mardi 15 novembre 2011

The Palenque of San Basilio, a symbol of African freedom in Colombia.


In 2011, palanqueros have not forgotten their roots, Guinea-Bissau, Congo, Senegal and Nigeria.
        
Today there are 3,500 descendants of  37 slaves who fought for their freedom as expressed in the giant statue with broken chains which occupies the center of the village.
         When they wiggle to the beat of the drum, they dance in the blood as their African cousins. Their "Creole", a mixture of Portuguese, Spanish, German and Kimbundu seasoned with Kikongo proves their daily struggle for survival of their culture.
        
Today they are not respected for by their material wealth but to have maintained against winds and tides their ancestral culture. They have experienced racism, humiliation and rejection of other Colombians Latinized, when they attempted to leave the Palenque San Basilio looking for a better life in other Colombian cities.
        
"They laughed at the way we speak. They said that the Negroes as we were not even able to work in their fields. " Says Concepcion Hernandez, lying on a rocking chair on the threshold of his house to the roof of palm leaves.
        
"When they returned to the village, the parents told their children that they should not  speak palenquero, but Spanish," says Cáceres in Solbay palenquero.
        
Ironically, it's a handful of intellectuals from the village out of the Universities of Colombia, inspired by the civil rights movement in the United States who have become aware of the gradual disappearance of their culture. So they wrote a dictionary palenquero and delivered courses for ethnic education to preserve their culture.
        
"We must prepare young people who will leave the village not to become enemies of their own culture," said Manuel.
        
"We must talk about what Blacks have brought to this country, says Professor Rodrigo Miranda. Talking about Simon Bolivar? Yes, of course, but also Benkos Biohó, the founder of Palenque de San Basilio."
         Since 1993, a Colombian law recognizes rights to specific communities of African descent.
        
In 2008, Palenque de San Basilio has filed an application with the state to become the owner of 7,300 acres that make up the village, to obtain a range equivalent to that enjoyed by the indigenous communities.

Bioho Benkos, alias Domingo, founder of Palenque of San Basilio, Colombia.

        
The son of an African king born in the late fifteenth century in the region of Bioho in Guinea-Bissau. Very young, he is kidnapped by the Portuguese Pedro Gomez Reynel, and sold to slave merchant  Juan Palacios. In 1596, he is sold once again as a slave to the Spanish Alonso del Campo in Cartagena de Indias.
        
With ten other African slaves, he escapes from Cartagena and founded the community of Chestnut of San Basilio de Palenque, "the legendary village of the Cimarron".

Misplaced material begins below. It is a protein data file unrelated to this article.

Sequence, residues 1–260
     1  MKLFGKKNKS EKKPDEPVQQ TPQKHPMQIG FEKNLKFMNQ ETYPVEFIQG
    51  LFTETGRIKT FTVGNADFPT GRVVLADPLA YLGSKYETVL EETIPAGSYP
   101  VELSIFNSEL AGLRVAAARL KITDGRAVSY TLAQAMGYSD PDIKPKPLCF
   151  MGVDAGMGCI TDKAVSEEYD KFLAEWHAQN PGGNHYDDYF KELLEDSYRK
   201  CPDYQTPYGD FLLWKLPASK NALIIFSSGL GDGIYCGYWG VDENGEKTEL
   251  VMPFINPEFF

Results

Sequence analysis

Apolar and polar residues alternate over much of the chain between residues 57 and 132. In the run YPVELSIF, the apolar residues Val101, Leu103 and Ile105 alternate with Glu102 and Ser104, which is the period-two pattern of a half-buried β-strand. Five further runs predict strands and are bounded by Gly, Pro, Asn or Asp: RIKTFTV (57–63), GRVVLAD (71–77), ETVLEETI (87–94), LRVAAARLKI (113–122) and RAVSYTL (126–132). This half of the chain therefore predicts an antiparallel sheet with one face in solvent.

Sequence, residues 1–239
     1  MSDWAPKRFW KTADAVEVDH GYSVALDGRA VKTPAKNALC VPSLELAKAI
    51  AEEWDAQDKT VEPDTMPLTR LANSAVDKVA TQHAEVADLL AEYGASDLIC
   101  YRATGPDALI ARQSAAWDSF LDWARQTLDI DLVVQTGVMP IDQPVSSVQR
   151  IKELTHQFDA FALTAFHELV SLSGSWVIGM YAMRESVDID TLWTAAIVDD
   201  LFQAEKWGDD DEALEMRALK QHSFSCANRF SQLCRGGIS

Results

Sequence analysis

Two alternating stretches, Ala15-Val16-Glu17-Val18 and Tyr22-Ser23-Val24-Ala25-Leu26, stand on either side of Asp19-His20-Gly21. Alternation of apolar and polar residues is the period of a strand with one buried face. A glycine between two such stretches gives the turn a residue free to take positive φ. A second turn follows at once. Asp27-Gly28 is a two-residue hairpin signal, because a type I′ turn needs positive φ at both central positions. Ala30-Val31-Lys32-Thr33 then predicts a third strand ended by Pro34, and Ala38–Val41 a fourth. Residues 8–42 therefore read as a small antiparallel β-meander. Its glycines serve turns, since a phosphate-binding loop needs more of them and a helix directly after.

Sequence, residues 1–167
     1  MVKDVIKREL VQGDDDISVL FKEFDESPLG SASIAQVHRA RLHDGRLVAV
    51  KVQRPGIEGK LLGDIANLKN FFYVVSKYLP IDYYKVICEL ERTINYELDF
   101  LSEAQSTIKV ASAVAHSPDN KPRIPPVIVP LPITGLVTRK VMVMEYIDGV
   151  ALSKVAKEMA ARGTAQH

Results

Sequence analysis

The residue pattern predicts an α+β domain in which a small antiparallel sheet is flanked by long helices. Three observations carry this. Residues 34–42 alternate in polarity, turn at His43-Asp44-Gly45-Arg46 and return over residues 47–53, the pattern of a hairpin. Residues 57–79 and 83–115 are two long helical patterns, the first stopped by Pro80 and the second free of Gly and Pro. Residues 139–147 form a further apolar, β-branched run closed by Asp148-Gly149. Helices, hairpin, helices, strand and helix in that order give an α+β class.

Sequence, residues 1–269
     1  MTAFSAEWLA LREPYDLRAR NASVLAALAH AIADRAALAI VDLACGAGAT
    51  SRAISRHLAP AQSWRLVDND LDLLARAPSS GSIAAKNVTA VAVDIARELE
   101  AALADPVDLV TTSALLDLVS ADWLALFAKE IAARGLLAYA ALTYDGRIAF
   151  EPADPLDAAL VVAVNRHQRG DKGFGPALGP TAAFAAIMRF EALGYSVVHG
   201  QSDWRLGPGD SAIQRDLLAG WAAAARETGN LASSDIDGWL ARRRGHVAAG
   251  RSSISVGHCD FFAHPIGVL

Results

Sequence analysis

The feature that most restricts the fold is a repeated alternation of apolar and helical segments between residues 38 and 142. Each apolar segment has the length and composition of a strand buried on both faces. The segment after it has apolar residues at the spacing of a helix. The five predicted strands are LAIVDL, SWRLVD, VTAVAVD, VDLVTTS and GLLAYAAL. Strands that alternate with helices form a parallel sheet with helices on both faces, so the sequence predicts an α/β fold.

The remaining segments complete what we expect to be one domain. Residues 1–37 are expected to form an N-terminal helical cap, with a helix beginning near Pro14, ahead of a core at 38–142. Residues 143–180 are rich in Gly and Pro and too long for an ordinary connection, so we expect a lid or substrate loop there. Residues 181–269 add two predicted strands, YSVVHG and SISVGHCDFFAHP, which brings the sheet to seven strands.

In 1713, it became "the first village free of the Americas", when the King of Spain renounces send troops in futile missions to attack their fortified refuge in the mountains.
        
He goes down the Magdalena River by boat to escape his pursuers. Unfortunately, he is resumed in 1599 in the southeast of the wetland Cartagena.
        
He organized an army of slaves with men from the Montes de Maria and creates an intelligence service that allowed the fall of the city of Cartagena. Dubbed the king of handguns, he organized the escape of slaves to free territory. He was appointed king of handguns.
        
On July 18, 1605, unable to defeat the Maroons, the governor of Cartagena, Geronimo de Suso y Casasola, agrees to sign a peace treaty with Benkos Bioho, recognizing the autonomy of Bioho Matuna Palenque.
        
But this peace will be effective in 1621 under the governorship of Fernandez de Velasco because the treaty had been violated by the Spanish in 1619. Bioho Benkos was captured by Spanish guards during a walk and quartered 16 March 1621 under the orders of Governor Garcia Giron.
        
At the end of the sixteenth century, the region of Montes de Maria was populated by 600 Maroons, under the command of Domingo Padilla, wearing the title of Captain and his wife Jane, simply referred to the viceroy.
        
In 1713, by Royal Decree of His Majesty the King of Spain, Palenque (fortified village inhabited by runaway slaves). The Palenquero spoken by Palenqueros is a mixture of Spanish, Portuguese, German and Bantu languages ​​such as Kikongo and Kimbundu.
        
Palenque became the first free people of America.
         Its population was composed of former slaves from Guinea-Bissau, Congo, Senegal and Nigeria. El Palenque de San Basilio was declared in 2005 as "a masterpiece of the Oral and Intangible Heritage of Humanity" by UNESCO.

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